When integrating new businesses and cultures following an acquisition or merger, you have a wonderful opportunity. There will be a learning curve for figuring out how best to integrate communications and goals for the team. But you won’t be on the hook for all of the knowledge on day one.

Make your lack of local market knowledge an opportunity by opening the doors of communication with your new teammates. Be prepared to talk about the things that have worked well with your communications activities and start fresh by getting rid of elements that haven’t worked as well.

What’s really important is to remember that culture can’t be imposed. The acquired will not immediately become your culture. The acquisition means that there will be an evolved culture. The opportunity for your team will be to figure out what’s great about your culture and what’s great about their culture and work hard to capitalize on those things.

If the world has just become your (internal communications) oyster, don’t be intimidated. Pick up the phone. Get on Skype. It’s time to make some new friends.

Need help integrating new cultures into your organization? Tribe can help.

Elizabeth Cogswell Baskin

Consumers and shareholders are watching the CEO — but so are employees

That must have been one hell of a conference call. A Who’s Who of CEOs, including Indra Nooyi of Pepsico, Virginia Rometty of IBM, Mary Barra of GM, Douglas McMillon of Walmart and Laurence Fink of BlackRock, all dialing in to discuss the appropriate reaction to Trump’s remarks regarding the Charlottesville tragedy.

Consumers and shareholders were waiting to see how CEOs responded, but so were their employees. These companies depend on a diverse workforce of employees from all walks of life. If the company claims internally to value diversity and leadership, if the corporate values include things like integrity and respect, those principles theoretically  apply to the top executive as well as the rank and file.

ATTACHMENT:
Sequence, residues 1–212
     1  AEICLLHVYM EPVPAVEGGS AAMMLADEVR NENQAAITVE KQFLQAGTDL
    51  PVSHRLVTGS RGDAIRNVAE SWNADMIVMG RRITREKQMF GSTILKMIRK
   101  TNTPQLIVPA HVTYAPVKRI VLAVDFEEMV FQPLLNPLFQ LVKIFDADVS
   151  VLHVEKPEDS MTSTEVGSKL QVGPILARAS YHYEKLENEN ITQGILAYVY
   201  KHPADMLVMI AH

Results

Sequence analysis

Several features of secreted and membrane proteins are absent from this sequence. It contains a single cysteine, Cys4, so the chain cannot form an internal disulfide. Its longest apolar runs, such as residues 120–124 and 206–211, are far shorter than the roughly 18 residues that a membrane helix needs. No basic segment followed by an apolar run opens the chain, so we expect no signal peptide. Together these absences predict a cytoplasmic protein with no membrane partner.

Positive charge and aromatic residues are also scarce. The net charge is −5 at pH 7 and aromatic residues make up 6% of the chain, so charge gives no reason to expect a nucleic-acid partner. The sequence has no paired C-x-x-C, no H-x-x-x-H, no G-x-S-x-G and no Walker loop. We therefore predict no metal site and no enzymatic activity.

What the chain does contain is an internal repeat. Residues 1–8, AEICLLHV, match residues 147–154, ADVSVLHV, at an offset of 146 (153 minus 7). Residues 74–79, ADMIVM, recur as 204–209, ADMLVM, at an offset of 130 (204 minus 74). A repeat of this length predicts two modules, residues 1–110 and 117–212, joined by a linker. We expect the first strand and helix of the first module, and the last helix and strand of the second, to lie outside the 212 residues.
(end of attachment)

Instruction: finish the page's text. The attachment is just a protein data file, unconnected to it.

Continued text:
But, in practice, does the CEO actually make business decisions based on those principles? Most employees of those companies will never meet their CEOs. They may have little understanding of what their chief executives do from day to day. They may not even bother to read the chief executive’s blogs or attend their town halls or watch their videos on the intranet.

But employees identify with the companies they work for, and they see the CEO as the figurehead for the company. As the heads of global companies, these CEOs were being watched not just by employees in the U.S. but in countries around the world.

These business leaders aren’t politicians. One could make the argument that serving on an advisory council for the president is a business decision and not a moral one.

But CEOs depend on the hearts and minds of their employees to move their companies forward. It matters to employees to know their CEOs took a stand against moving backwards in our country’s ongoing stop-and-start progress towards equality.

Interested in CEO communications for your employees? Tribe can help.

 

Jeff Smith

The Second Pancake Theory of Design

Good design is like making pancakes. Most times, the first pancake gets thrown away. It’s burned or gooey, flipped too soon or too late. To get to the pancakes that are golden brown and perfectly fluffy, you’ve got to let the first one or two go.

 It’s another way of saying Fail Fast. We’ve all heard those tired clichés about how if you don’t fail you won’t succeed, and how the best thing for everybody is a good old-fashioned failure. And guess what: that’s absolutely true when it comes to design.

The first idea you have is rarely the best. You start with a blank piece of paper or an empty computer screen. And you take for granted that your first several tries will be bad. Or at least not great. And if you want to get to great design, you have to do the bad stuff first.